Learning mathematics is a complex and challenging task. The teacher must handle a variety of students with different conditions in a class. Some students have special educational needs, both those who may struggle to understand and those who have easy maths.
– Inclusion means that the student experiences himself as an active participant in the teaching. My doctoral thesis concerns how students in special educational needs in mathematics experience inclusion in the teaching and what makes them feel included. Just students’ views on learning and teaching have been rare in research into mathematics didactics, so my results give new perspectives, says Helena Roos.
The results are presented with the help of three areas, so-called discourses, which describe how pupils perceive inclusion and what frames and influences their perceptions.
The structure of mathematics teaching in the form of textbooks, teaching groups, discussions and reviews in the class.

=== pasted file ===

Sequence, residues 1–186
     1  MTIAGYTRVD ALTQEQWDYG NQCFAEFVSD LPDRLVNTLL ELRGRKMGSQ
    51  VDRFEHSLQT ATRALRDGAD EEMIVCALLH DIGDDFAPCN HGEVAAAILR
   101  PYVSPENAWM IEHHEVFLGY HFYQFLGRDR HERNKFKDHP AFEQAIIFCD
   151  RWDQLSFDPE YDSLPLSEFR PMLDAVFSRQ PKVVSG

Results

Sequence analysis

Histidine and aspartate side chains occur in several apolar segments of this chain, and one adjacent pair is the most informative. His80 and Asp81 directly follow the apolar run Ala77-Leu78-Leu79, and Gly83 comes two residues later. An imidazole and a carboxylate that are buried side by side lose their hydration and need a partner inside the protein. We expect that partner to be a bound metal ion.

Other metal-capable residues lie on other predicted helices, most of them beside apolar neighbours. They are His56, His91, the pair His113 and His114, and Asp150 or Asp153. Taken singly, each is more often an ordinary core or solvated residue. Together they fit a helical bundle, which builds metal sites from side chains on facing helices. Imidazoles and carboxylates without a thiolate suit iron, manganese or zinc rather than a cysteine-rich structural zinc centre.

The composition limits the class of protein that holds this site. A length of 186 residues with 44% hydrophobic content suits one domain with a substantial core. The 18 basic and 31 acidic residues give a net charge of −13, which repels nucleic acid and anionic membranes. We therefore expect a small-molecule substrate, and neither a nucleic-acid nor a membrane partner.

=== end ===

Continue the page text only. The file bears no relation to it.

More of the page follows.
Assessment in the form of grades, tests, and how tests are designed.
Accessibility in the form of challenges, or lack of problems, in mathematics tasks and teachers’ pedagogical skills.
Helena Roos’s findings can be used by teachers in mathematics to reflect on partly what influences pupils’ active participation in the teaching, and how to find and work with factors that can promote the inclusion of pupils. The results can also be used by specialist teachers and school leaders to better organize for integration, not only in mathematics but also generally.
– There is no one size fits all solution; it always depends on the students and teachers involved. A variety of students require diversity in mathematics education, says Helena Roos.
The meaning (s) of inclusion in mathematics in student talk: Inclusion as a topic when students talk about learning and teaching in mathematics